The device also performs a variety of other tests beyond network ones (such as verifying a customer has the right packages). For this I designed a custom network protocol to handle client verification, software updates and receiving yes/no answers to certain questions. For obvious reasons nothing sensitive or personally identifying is ever transmitted (all look-ups are performed server-side) and because we aren't releasing the protocol specification it's not practical to decode the byte stream sent over TCP without access to the relevant source code.
I found having to write my own protocol specification and go through the drafting & revision process with someone who's been involved with them before has given me a whole new appreciation for the work that must go into RFCs, format specifications and document standards!
So, what's Monte Carlo got to do with all this? Well, BT has its own internal challenge cup competition. As part of this a team was formed of engineers, interested parties and business/accountant types and by pitching the benefits to judges from around the company we reached the finals. As BT appreciate that employees are essentially doing these projects in their own time (but are saving the company millions, which they can spend on things customers prioritise) they flew us all out to Monaco to both compete with other teams and take in the atmosphere there.
While we didn't win the competition, I'm proud to have worked on this project with some amazing people and to have got through the various rounds up to that point. Over the coming month(s) we'll be finishing things off by rolling the devices out to all the TV engineers in the field and planning how the solution will be supported/expanded/incorporated into other systems over the longer term.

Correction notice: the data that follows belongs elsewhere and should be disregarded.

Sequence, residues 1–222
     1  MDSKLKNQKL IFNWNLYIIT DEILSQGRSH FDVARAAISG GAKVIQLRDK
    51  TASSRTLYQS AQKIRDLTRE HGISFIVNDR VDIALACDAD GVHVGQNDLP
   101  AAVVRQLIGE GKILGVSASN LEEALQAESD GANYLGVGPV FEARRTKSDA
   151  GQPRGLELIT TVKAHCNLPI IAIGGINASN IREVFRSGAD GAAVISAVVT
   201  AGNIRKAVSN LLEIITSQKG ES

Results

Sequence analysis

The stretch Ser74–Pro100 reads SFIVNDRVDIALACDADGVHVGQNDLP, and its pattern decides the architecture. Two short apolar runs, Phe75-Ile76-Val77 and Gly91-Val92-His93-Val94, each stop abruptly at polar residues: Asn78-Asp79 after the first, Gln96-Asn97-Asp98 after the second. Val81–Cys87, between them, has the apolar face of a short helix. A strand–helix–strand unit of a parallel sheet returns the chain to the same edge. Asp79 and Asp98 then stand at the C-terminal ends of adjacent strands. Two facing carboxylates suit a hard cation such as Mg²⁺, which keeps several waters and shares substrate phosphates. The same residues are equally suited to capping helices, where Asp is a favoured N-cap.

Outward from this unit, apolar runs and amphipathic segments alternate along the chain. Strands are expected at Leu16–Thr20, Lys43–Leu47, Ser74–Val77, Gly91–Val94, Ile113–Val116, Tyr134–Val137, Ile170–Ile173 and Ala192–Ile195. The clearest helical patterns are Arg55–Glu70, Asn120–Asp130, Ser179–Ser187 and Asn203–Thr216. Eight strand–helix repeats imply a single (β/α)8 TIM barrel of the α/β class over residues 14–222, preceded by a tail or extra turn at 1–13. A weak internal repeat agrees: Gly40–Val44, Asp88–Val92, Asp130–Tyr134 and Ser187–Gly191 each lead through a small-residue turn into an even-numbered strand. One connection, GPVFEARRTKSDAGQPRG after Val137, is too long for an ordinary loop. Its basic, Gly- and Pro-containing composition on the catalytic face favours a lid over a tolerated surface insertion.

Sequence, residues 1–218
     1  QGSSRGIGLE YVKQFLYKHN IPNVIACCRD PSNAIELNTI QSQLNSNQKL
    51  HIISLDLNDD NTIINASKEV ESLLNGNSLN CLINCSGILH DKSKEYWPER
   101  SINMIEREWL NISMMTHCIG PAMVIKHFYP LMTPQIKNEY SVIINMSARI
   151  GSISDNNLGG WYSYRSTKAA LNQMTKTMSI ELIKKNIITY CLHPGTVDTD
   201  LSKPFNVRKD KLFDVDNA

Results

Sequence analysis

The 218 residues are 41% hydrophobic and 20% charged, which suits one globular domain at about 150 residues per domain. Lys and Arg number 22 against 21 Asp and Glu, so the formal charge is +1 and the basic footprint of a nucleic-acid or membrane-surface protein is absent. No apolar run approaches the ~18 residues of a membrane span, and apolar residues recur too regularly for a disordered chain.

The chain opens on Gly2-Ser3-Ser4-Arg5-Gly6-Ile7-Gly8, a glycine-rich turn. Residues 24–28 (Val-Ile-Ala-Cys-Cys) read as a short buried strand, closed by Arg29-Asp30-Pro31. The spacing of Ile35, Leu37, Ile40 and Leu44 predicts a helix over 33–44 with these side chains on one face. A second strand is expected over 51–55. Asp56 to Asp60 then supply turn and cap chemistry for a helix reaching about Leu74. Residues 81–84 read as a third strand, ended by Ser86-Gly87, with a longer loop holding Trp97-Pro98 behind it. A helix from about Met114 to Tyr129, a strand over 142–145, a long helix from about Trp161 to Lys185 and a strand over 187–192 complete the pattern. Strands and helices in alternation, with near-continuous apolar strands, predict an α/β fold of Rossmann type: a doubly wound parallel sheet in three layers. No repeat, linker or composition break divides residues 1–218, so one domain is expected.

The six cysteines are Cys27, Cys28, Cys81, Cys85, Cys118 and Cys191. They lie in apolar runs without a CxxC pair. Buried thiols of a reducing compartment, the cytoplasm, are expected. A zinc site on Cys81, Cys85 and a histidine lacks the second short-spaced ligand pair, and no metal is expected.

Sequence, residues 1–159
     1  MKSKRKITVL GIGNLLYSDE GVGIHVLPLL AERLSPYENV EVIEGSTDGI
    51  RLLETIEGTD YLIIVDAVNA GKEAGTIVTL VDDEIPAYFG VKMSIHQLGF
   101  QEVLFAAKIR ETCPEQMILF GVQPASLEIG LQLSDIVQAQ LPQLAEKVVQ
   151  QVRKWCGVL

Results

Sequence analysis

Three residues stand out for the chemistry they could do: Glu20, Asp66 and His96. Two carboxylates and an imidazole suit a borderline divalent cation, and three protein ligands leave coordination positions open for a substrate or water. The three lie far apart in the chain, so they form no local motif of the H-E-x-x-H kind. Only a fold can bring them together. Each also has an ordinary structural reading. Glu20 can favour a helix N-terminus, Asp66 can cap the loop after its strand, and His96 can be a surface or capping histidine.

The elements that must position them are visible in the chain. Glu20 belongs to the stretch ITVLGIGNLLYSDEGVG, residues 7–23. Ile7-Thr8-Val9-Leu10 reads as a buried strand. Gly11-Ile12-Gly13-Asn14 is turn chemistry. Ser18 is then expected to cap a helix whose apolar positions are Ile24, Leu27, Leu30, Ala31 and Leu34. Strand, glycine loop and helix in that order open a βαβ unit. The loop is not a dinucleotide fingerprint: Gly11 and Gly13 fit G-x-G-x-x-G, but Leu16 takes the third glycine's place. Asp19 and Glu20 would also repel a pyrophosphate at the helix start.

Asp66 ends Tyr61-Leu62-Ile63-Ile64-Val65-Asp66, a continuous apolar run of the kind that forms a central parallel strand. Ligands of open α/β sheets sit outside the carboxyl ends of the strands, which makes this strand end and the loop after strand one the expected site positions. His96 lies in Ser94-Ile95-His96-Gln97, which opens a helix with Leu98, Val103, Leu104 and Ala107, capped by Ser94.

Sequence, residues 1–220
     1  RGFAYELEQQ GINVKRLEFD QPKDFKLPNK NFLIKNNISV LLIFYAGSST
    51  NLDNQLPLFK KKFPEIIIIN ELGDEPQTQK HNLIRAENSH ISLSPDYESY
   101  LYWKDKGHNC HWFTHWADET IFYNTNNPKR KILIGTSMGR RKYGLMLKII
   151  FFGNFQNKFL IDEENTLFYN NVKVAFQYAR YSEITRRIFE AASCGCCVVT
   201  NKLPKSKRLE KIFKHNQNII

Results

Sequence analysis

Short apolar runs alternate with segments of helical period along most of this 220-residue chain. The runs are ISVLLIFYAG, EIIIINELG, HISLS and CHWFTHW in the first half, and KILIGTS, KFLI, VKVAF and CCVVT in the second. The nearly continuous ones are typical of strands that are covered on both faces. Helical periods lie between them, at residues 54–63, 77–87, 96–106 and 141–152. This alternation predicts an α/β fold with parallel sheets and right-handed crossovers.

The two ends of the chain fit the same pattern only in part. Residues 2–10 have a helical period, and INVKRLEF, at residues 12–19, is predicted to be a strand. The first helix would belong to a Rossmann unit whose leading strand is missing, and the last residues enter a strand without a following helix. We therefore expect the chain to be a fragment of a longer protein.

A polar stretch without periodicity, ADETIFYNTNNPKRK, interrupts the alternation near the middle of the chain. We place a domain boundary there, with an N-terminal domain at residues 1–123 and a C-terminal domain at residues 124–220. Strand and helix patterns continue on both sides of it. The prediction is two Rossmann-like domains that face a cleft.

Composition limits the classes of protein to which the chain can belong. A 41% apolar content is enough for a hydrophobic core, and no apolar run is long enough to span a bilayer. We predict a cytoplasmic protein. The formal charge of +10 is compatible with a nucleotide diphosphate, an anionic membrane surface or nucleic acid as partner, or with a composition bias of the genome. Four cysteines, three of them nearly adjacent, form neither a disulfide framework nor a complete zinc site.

This was a great chance to catch up with former work colleagues, see what the world of open source is up to and re-acquaint myself with fine trappist beers!
I'm not going to write an entire blog post on the event as it'll be covered in-depth by people who are paid for such things (and sat in the lectures!). However, the stack of DVDs filled with GNU/Linux, BSD and desktop variants will no doubt feed into future blog posts :)
I intend to at some point finish the Coursera MOOC I started on Scala. It was largely the RTS Young Technologist award that derailed this due to the need to attend IBC2014 mid-way through the course. (Not that I'm complaining! :D). At some point I'm also hoping to enrol on CompTIA Linux+ so I can get LPI accredited for my GNU/Linux skills. Who knows, maybe I'll be taking my LPI exams this time next year at FOSDEM '16?
When it comes to personal projects outside of work I'm still playing around with VPSs to see what I can host myself 'in the cloud'. I'm bouncing around the idea of writing a light-weight office suite that hooks into other cloud services you can use through your browser. More on this if something happens! :)
I've also been finding imaginative uses for Raspberry Pi units on my home network. I have a Model B acting as a print & backup server, and I'm in the process of setting up a B+ as a retro console emulator for my living room.